00:55:19 Ifeanyi Ossai: Thank you everyone. Nice being here to share knowledge. Great panelists.
00:59:59 Ken Venner: Maybe a good idea to defined ‘UNDRIP”?
01:01:12 Naomi Ratte: UNDRIP = United Nations Declaration on the Rights of Indigenous Peoples
01:01:26 Selena Zhang: The UN Declaration on the Rights of Indigenous Peoples https://www.un.org/development/desa/indigenouspeoples/declaration-on-the-rights-of-indigenous-peoples.html
01:02:02 Sandra Miller: Thank you Naomi & Selena
01:03:55 Selena Zhang: https://www.canadianarchitect.com/keyword/harriet-burdett-moulton/
01:06:21 Sandra Miller: https://metisarchitect.com/2017/03/06/conversations-harriet-burdett-moulton/
01:10:26 Matthew Barrigar: Chi miigwech, Eladia, for your words on settlers having the truths of Traditional knowledge as a birthright. Your words allowed me to see the difference between acknowledging and embracing Traditional truth versus cultural appropriation.
01:14:01 Kristina Seo: Voices of the Land https://umanitoba.ca/architecture/sites/architecture/files/2021-02/21-02-17-voices-of-the-land_final-for-digital-view.pdf
01:14:41 Naomi Ratte: https://news.umanitoba.ca/idpsa-calls-to-action/
01:15:26 Alixa Lacerna: Also on Instagram: https://www.instagram.com/p/CQYv5aCg9DA/
01:22:26 Baldwin Hum: Thanks Danilo for that framing of the continuity of our design endeavours in our world. I’ve always found the segregation of our disciplines somewhat arbitrary and problematic, and thinking of it as a continuum seems to be more useful. We were taught (at UBC) to always consider the context of our projects – it seems that radically expanding that context would be useful going forwards.
01:22:26 Canadian Urban Institute: Today’s session is co-Hosted by the Canadian Urban Institute, Canadian Institute of Planners, Canadian Society of Landscape Architects, Engineers Canada, National Trust for Canada, The Royal Architectural Institute of Canada, Urban Development Institute and Urban Land Institute.
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01:22:45 Abigail Slater (she/her): A fantastic panel and moderator. So much learning. Chi Miigwech.
01:23:06 Laurel Davies Snyder: Thank you for a meaningful session.
01:23:26 Autumn Garnham: Thank you for the amazing and meaningful panel!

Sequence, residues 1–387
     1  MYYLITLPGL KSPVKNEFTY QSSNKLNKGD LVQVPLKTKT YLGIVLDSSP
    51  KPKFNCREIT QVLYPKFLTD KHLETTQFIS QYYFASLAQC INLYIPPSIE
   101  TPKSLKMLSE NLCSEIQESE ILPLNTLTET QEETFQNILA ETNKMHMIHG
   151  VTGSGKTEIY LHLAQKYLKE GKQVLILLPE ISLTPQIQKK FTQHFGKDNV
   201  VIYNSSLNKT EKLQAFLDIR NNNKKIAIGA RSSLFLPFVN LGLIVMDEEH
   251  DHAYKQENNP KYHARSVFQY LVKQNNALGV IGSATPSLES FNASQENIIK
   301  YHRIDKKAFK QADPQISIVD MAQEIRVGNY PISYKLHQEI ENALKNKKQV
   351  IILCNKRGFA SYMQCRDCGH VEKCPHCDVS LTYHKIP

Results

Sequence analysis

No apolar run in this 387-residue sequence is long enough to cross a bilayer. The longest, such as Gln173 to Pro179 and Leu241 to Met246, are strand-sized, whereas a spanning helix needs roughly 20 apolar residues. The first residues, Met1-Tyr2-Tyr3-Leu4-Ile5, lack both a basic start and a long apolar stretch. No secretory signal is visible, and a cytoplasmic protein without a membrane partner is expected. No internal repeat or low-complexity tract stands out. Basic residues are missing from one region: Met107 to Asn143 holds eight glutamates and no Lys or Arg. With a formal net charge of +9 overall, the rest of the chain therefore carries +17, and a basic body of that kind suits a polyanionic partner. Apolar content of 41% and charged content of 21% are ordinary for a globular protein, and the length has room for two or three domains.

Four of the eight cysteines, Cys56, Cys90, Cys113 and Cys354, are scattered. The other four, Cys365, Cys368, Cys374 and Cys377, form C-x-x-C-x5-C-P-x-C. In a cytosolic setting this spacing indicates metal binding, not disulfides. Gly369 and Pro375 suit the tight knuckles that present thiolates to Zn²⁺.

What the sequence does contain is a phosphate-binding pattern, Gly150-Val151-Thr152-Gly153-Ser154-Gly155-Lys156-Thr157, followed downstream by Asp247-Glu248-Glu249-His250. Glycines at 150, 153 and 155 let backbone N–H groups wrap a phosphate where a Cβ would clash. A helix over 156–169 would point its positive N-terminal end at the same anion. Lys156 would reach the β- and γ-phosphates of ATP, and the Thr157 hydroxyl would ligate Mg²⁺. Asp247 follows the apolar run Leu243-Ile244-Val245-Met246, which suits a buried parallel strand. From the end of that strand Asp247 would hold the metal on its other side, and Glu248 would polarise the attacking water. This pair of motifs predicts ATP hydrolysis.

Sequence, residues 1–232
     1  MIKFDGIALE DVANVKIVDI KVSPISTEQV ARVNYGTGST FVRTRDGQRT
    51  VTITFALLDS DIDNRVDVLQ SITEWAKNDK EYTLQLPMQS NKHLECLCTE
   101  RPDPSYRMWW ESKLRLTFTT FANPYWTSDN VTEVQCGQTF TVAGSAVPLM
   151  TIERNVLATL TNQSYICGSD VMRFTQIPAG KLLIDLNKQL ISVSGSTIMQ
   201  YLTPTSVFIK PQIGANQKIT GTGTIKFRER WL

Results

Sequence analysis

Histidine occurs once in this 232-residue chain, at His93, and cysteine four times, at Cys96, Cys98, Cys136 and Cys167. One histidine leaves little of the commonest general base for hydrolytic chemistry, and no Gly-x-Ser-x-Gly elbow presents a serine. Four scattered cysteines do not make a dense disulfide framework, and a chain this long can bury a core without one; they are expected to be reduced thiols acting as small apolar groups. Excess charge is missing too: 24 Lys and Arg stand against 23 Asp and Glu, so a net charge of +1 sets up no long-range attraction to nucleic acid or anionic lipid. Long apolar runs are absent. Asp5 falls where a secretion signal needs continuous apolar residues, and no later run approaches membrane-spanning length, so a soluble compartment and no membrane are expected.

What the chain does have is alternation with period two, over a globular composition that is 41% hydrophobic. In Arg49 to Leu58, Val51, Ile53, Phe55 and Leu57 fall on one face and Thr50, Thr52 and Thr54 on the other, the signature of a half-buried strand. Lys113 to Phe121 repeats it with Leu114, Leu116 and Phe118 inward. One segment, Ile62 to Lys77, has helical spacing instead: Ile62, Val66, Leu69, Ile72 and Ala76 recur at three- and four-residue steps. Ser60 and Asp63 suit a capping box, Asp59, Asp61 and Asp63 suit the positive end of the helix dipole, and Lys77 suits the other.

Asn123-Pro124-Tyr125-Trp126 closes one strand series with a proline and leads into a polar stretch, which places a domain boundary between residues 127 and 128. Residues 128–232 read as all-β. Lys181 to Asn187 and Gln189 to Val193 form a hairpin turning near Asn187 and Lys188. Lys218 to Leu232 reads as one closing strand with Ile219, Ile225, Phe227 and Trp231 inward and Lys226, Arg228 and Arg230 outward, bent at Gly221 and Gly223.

01:23:38 Gian Marco Visconti: Thank you all for sharing your ideas and knowledge!
01:23:41 Baldwin Hum: Thanks to the panelists for speaking this morning, and to Hunter for moderating today as well!
01:23:51 Sandra Miller: Thank you to everyone for sharing your experience and knowledge – wonderful!
01:23:53 Meredith Plant: Really appreciate hearing and experiencing indigenous perspectives. Thank you to all!
01:23:57 Jeny Mathews-Thusoo: Thank you for a great session!!
01:24:08 Susan Speigel: aPPRECIATE ALL YOUR INS
01:24:10 Desiree Geib: Thank you everyone for sharing your knowledge and perspective!
01:24:20 Banani Afsana: It’s really an amazing session….thanks again
01:24:24 Vanessa Jukes Strutt: Wonderful session! Thank you everyone for sharing. I’m grateful to have been here today.
01:24:26 Sarah Foulkes: Thank you very much! This was excellent
01:24:26 Alina Chatterjee: Thank you for a great session! Very important directions forward
01:24:36 Susan Speigel: appreciate all your insights
01:24:48 Chun Chu: Thank you to Hunter and the Panelists
01:24:48 Kerry Girvan: Thank you to all of you for a great session!
01:24:50 Lauren Armeneau: Feeling inspired – thank you!
01:24:54 Sam Horton: Thank you to all of the panelists and to Hunter for being a fantastic moderator. Such an inspiring panel.
01:24:56 Kris Nichols: Thank you for all your perspectives so very important to hear.
01:24:56 Dena Farsad: Thank you to all panelists. Really informative discussion
01:24:57 Rebecca Paton: Thank you!
01:25:00 Heather Wheeliker: Thank you for sharing; appreciate this!
01:25:01 mark guslits: Thanks to you all. This has been extremely enlightening and informative. Very much appreciated
01:25:01 Deana Grinnell: Thank you, a great session on National Indigenous Peoples Day.
01:25:01 Elizabeth MacLeod: Thank you all!
01:25:02 Roberta Sager: Thanks so much! Appreciate the insight of the ancestral significance, enabling a space for indigenous students to see their values in built form, and the opportunities for all Canadians to learn and celebrate the richness in our shared culture?
01:25:02 Brian Eng: Thank you everyone!
01:25:02 Fraser McLeod: Thank you!!
01:25:03 Tanya LaBelle: Thank you so much.
01:25:03 Brian Rowland: Thank You All
01:25:03 Karen Beiles: Very informative and inspirational session. What a wonderful group if speakers.
01:25:04 Ken Venner: Thank you for this discussion!
01:25:04 Don Bell: so pleased to hear the panelists share their experiences and pperspectives,
01:25:05 kristina driedger: Thank you !!
01:25:06 Jenna Dutton: Thank you!
01:25:06 Colleen O’Toole: Chi Miigwetch!
01:25:06 Amarpreet Guliani: Thank you all for a wonderful session!